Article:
How about just clarifying the instructions on the BBWAA ballot? It's hard to do effectively, as shown by Jack Morris riding Game 7 into the HoF despite the instruction:

Automatic Elections — No automatic elections based on performances such as a batting average of .400 or more for one (1) year, pitching a perfect game or similar outstanding achievement shall be permitted.


You take a good stab at it in [4]:

Given their performance is among the very best of all-time, to exclude them based on character issues would be to say that their character flaws invalidated their on-field performance... for someone [...] whose performance might be deemed "excellent" but not "great" and certainly not "all-time great", [... it is] for a voter to decide that his character flaws push him onto the wrong side of the in/out line.


The HoF instructions could use some clarification of what is and is not an automatic disqualifier. Compare the HoF instructions--written by the HoF--with the MVP instructions written by the BBWAA.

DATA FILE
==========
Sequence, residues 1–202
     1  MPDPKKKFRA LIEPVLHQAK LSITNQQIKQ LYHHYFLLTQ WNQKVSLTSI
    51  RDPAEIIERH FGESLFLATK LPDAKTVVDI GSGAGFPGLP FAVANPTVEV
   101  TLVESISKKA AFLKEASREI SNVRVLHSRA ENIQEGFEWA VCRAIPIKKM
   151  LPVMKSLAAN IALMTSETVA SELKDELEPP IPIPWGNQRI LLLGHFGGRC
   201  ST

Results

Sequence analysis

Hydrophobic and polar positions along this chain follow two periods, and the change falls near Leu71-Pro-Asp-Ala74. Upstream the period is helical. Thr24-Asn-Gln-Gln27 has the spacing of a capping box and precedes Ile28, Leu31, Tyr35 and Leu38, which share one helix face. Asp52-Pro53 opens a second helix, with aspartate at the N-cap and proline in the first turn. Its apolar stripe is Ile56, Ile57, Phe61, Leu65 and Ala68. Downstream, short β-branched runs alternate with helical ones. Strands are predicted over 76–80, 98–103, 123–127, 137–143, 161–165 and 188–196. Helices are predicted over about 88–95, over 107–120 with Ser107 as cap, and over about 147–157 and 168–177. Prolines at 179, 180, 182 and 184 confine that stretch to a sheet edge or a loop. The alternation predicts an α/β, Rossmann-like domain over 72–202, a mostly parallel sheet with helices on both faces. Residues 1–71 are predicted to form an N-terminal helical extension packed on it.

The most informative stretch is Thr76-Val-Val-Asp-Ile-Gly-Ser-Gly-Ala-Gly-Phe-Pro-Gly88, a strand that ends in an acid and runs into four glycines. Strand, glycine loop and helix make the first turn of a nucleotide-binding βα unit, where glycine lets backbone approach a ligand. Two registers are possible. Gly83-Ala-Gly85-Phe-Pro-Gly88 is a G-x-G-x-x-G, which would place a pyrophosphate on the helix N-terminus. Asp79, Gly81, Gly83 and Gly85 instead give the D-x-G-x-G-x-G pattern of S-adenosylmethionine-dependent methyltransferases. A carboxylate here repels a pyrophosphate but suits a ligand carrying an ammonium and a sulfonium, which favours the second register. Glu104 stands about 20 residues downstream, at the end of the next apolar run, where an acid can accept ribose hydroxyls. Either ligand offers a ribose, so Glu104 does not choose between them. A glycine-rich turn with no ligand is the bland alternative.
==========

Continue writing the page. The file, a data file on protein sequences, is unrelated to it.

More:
HoF:
Voting — Voting shall be based upon the player’s record, playing ability, integrity, sportsmanship, character, and contributions to the team(s) on which the player played. ...

Amendments — The Board of Directors of the National Baseball Hall of Fame and Museum, Inc. reserves the right to revoke, alter or amend these rules at any time.


http://bbwaa.com/hof-elec-req/

MVP:
There seems to always be a debate about the definition of the MVP. What does the ballot say?

Dear Voter:

There is no clear-cut definition of what Most Valuable means. It is up to the individual voter to decide who was the Most Valuable Player in each league to his team. The MVP need not come from a division winner or other playoff qualifier.

The rules of the voting remain the same as they were written on the first ballot in 1931:

1.  Actual value of a player to his team, that is, strength of offense and defense.